Metaphorical cinema


Metaphorical cinema
   Film recurrently makes use of metaphorical images to reinforce narrative points or to otherwise suggest aspects that are not dealt with explicitly in literal narrative terms, sending the story into a different level of abstraction or thematization. This can be enriching, and sometimes creates a fruitful tension between storytelling and more artistic meaning. Still, there is a kind of cinema that makes metaphorical discourse a central signifying procedure to the extent that, if the metaphorical logic is unrecognized, the film makes little narrative sense. Given the demands that metaphorical reading make on the audience, such films are not bound to be popular. Building a story insistently around a central metaphor (or a set of metaphors) is closer to the European approach to filmmaking than to Hollywood plot-bound narratives. One can think back to F. W. Murnau's Der Letzte Mann (The Last Laugh, 1924) as an example of a European story that suggests meanings beyond the literal plot. In the 1960s, the European art tradition became strengthened, and it influenced Spanish directors, particularly those associated with the Nuevo cine español movement.
   Historically, metaphorical cinema in Spain constitutes a line of development that is associated to a response to censorship and the ambition to make an artistic cinema that goes beyond the demands of social realism. One good starting point is Carlos Saura's La caza (The Hunt, 1966), which has all the elements of metaphorical cinema and became an influence for directors of the late 1960s. Given the predominance of metaphor, a narrative inconclusiveness often dominates these films. Even worse, not every image or event can be immediately deciphered unless one has additional information on the filmmaker's references and aims. The central symbol of Víctor Erice's El espíritu de la colmena (The Spirit of the Beehive, 1973) is, as suggested by the title, the beehive itself, but critics have interpreted this in many different ways. This illustrates another aspect of metaphorical cinema: it lends itself to being interpreted by authoritative critics.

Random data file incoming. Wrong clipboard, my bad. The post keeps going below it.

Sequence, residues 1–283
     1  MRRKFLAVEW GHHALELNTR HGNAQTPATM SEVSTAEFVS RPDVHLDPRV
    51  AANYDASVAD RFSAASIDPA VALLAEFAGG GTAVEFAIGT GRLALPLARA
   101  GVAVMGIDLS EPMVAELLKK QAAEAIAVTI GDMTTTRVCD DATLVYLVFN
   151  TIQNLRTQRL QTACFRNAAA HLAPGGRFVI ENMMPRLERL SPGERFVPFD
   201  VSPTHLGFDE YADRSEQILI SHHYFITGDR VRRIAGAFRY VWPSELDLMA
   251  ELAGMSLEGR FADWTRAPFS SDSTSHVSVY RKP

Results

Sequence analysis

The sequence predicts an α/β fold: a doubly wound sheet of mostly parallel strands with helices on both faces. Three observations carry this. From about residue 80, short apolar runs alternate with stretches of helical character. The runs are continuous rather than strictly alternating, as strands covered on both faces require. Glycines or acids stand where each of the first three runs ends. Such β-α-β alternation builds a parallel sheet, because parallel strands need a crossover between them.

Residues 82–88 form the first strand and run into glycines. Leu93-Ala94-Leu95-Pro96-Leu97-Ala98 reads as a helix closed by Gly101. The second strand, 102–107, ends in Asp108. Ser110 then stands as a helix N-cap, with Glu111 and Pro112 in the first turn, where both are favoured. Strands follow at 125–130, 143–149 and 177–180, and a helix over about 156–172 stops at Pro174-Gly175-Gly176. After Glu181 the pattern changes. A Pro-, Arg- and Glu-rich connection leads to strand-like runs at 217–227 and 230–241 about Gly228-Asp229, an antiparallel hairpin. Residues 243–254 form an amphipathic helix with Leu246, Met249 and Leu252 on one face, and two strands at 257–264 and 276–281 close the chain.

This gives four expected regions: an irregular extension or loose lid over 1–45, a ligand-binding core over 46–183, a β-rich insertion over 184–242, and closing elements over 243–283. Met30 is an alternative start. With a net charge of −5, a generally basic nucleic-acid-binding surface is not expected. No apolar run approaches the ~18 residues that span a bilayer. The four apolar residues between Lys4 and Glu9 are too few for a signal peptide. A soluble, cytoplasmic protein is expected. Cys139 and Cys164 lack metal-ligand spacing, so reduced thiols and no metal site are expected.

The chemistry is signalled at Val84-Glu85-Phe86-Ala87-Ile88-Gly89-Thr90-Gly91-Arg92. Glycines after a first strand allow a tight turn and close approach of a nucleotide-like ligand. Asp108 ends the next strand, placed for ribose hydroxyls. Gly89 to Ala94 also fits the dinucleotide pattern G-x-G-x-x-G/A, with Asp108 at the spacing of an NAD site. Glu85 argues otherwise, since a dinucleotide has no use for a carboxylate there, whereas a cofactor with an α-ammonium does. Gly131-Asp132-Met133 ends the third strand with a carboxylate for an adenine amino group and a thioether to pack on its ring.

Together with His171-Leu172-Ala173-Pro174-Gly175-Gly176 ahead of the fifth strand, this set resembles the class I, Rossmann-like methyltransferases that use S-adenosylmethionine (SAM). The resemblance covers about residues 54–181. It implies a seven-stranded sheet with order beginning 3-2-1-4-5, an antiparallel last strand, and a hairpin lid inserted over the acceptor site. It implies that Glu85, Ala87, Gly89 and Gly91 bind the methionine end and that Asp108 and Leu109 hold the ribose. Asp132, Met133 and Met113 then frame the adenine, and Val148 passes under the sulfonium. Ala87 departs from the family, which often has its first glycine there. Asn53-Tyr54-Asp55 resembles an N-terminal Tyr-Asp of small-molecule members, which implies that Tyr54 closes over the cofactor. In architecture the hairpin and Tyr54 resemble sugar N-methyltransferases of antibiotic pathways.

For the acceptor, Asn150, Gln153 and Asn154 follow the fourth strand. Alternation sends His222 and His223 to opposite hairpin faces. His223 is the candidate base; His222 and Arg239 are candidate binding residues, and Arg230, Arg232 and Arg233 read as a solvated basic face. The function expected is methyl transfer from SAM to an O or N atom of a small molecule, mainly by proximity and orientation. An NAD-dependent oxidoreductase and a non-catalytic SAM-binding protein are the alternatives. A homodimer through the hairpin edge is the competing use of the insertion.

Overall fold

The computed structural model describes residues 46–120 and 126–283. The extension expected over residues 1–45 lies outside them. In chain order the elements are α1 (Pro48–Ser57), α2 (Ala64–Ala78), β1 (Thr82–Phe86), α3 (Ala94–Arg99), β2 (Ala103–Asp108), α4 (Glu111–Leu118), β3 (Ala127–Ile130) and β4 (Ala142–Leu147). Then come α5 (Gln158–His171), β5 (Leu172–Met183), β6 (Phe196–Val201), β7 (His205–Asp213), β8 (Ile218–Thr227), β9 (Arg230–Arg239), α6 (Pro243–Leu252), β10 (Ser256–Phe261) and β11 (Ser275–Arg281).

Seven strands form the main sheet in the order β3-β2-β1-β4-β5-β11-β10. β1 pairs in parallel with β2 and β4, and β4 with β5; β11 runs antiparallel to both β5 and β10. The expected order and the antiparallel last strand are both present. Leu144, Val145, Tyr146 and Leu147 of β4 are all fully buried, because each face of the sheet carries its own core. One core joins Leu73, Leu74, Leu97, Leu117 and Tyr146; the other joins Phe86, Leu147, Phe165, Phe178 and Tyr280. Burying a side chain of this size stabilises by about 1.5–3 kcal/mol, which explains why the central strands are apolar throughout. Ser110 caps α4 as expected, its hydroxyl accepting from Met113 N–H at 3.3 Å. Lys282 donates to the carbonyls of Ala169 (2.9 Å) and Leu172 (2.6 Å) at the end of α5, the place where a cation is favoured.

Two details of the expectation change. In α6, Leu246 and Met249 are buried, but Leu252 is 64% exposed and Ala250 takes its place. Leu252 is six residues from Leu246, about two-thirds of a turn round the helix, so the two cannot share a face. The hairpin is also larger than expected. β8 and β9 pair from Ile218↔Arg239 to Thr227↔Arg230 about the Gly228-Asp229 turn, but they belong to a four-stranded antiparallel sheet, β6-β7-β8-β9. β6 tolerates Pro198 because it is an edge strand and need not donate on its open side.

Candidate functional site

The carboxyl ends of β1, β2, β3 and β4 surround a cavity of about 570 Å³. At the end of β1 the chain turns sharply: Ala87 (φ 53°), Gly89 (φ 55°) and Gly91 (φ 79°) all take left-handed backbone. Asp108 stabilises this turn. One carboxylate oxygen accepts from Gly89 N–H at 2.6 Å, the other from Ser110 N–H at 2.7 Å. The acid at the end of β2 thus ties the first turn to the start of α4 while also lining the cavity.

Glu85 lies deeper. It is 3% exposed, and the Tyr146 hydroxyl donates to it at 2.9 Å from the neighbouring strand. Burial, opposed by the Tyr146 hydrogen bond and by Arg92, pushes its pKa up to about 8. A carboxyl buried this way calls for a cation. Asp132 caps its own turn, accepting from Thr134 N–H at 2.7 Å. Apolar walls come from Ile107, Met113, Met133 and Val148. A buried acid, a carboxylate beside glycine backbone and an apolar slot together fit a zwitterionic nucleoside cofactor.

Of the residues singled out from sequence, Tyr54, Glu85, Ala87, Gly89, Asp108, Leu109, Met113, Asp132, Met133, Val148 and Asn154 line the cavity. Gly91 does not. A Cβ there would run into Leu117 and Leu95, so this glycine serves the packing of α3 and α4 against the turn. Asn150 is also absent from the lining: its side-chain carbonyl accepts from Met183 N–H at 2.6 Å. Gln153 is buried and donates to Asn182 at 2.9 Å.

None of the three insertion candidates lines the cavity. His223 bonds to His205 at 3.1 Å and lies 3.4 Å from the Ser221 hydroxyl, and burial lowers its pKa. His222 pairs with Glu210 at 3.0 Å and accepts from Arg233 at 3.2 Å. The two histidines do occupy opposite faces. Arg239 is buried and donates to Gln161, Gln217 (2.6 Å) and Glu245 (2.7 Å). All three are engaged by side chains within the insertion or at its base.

The high period of metaphorical cinema in Spain was the years preceding and immediately following Francisco Franco's death. It seemed a quality of art films to be obscure, and it is telling to compare Saura's input in this period with both his later and earlier films: La madriguera (The Honeycomb, 1969), El jardín de las delicias (The Garden of Earthly Delights, 1970), and Ana y los lobos (Ana and the Wolves, 1973) emphasize metaphor over narrative specificity, whereas Los golfos (Lazy Young Men, 1960) and the more recent ¡Ay Carmela! (1990) and El Séptimo día (The Seventh Day, 2004), do not. Although audiences knew the films dealt with politically sensitive themes, these had to be coded so that censors would have no grounds to ban them. Metaphorical cinema in those years became a peculiar communicative act between artists and the chosen few informed enough or patient enough to grasp their meanings. Manuel Gutiérrez Aragón has come to be regarded as the most emblematic metaphorical director: most of his output until the mid-1980s, including Habla mudita (Speak, Little Mute Girl, 1973), Sonámbulos (Sleepwalkers, 1978), El corazón del bosque (The Heart of the Forest, 1979), and Maravillas (Wonders, 1981) all could be said to fall into this category. Other directors who worked consistently in this tradition were Francisco Regueiro in Me enveneno de azules, (I Get Poisoned with Blue, 1971), Antxón Eceiza in De cuerpo presente, (In the Presence of the Body, 1967), Angelino Fons in La piel quemada (The Burnt Skin, 1967), José Luis Borau in Furtivos (Poachers, 1975), and Basilio Martín Patino, even to his last film Octavia (2002).
   By the end of the 1970s, the metaphorical cinema model seemed to have run its course and very quickly began to look outmoded. Saura moved on to more literal narratives and his series of musicals; even Gutiérrez Aragón, the director most insistently identified with the trend, made his stories increasingly more readable from La mitad del cielo (Half of the Sky, 1986). Metaphor could still work centrally on film, of course, as in Luis G. Berlanga's La vaquilla (The Heifer, 1985), but this film's main impulse is farcical, rather than critical or metaphysical.
   Later, in the 1990s, a few directors of the new generation referred back to the metaphorical tradition, although this prioritization of metaphor over literal narratives was based on aesthetic choices rather than practical necessity. Julio Medem's Tierra (Earth, 1996) is one of the key films of the period and one of the most important instances of the centrality of metaphor in film.

Historical dictionary of Spanish cinema. . 2010.

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